What the statistics don’t show: the lasting effects of extreme poverty.

Latin America is a rich continent. We know this when the media show us the prosperity of the most powerful and the cunningly legalised way in which they appropriate vital resources – such as water, land and minerals – in order to exploit them and build their great empires. All of this is sustained by the economic dependence of the neediest sectors. The governments, for their part, are their unconditional allies, having taken control of the centres of political control thanks to casuistic laws that do not include campaign finance limits or the manipulation of justice. Crouching in obscurity, criminal organisations benefit from this unique system.

In paradises of corruption, the most affected are children and adolescents whose existence does not mark priorities in political agendas. Used as an emotional tool in electoral proposals, they are relegated to the bottom of government programmes because, obviously, they have no voice or vote as members of society. This neglect has long-term consequences; one of them is how thousands of children, condemned to malnutrition, to the loss of their physical and mental capacities, to violence derived from their miserable environments, are exposed to a short life. In addition to those who perish for lack of nutrients, there are many more who, as a result, end up as cheap labour with no chance of advancement in life.

The response to such an obvious question lies in the political system and the way the state is administered. The political perspective has not matured enough to consolidate fundamental public policies and is seriously deficient in its humanitarian vision or whatever one wants to call the most elementary sense of responsibility with respect to the obligations towards the population most in need of help. In general, the typical political discourse on child malnutrition is reduced to showing figures and showing satisfaction if the percentage is one or two points lower than the previous year; thus, the fact of pointing out insignificant progress seems to them to be a success even when the number of dead children has no signs of disappearing.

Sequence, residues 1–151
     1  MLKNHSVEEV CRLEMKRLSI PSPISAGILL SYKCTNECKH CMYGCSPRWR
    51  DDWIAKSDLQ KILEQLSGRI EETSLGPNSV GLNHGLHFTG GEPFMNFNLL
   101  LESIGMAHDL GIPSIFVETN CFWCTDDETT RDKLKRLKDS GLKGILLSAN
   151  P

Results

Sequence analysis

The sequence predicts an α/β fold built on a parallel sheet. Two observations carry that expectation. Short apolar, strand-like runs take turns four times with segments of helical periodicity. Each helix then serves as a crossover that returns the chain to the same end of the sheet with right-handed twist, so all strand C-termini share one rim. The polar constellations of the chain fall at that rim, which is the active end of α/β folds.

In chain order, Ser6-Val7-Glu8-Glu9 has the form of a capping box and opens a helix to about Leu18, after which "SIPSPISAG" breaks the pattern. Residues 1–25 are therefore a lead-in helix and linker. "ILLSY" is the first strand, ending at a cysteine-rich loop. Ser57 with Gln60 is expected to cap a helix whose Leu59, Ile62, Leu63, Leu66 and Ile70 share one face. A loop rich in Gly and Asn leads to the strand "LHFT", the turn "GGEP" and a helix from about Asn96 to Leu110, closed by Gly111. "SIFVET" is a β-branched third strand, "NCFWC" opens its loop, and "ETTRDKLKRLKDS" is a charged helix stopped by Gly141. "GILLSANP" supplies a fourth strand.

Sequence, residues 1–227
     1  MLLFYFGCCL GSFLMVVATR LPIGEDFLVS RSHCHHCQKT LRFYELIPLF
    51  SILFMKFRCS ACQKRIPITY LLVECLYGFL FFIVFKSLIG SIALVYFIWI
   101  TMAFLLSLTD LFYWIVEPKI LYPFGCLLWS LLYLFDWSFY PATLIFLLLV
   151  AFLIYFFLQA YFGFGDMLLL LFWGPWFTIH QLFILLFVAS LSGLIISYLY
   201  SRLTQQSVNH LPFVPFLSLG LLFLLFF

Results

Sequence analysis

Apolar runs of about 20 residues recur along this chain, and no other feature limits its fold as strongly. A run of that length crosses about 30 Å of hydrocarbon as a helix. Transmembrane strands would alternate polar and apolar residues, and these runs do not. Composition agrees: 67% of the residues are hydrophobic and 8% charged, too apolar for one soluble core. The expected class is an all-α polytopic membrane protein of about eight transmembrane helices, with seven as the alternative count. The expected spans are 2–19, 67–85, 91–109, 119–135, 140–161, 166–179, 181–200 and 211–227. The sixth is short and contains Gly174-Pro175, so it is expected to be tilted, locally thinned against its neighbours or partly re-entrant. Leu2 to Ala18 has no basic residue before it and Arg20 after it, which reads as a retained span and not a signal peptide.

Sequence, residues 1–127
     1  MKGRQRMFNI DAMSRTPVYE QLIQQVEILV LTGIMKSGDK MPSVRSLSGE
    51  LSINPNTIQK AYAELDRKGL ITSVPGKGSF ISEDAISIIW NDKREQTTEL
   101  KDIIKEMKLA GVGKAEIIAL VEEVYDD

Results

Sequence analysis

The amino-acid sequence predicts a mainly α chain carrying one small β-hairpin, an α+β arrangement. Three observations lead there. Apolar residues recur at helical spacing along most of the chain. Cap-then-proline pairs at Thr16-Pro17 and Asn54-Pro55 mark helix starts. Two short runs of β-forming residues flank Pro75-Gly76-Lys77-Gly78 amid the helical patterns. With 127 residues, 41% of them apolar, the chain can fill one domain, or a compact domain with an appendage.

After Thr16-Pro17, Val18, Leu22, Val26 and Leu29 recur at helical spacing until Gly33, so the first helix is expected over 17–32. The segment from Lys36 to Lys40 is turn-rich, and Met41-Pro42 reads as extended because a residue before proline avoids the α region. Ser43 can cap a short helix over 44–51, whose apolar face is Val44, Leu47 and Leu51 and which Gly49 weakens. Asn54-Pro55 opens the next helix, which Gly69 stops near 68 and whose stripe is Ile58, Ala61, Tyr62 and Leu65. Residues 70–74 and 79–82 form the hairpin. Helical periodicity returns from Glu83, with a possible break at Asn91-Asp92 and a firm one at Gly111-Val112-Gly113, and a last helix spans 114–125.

It is assumed that after so many studies elaborated by international organisations, secretariats, commissions and experts hired to implement the plans, by now there could be well-structured zero tolerance programmes against chronic malnutrition at the continental level, as well as effective and transparent allocations of resources with actions oriented towards improving sustainable development policies in the areas of greatest incidence.

Development benchmarks – in countries with wealth as enormous as their poverty sectors – cannot be underpinned by valid and technically correct indicators on policies to eradicate chronic child malnutrition. To this end, food assistance programmes must be independent of government propaganda strategies and work in conjunction with civil society organisations that serve as their guarantors. Society, if it gets involved and discards its prejudices, would be able to change this appalling reality for children.

Hunger is not a curse; it is a product of the corruption of those in power.

elquintopatio@gmail.com @carvasar


Source photo. CAAAP.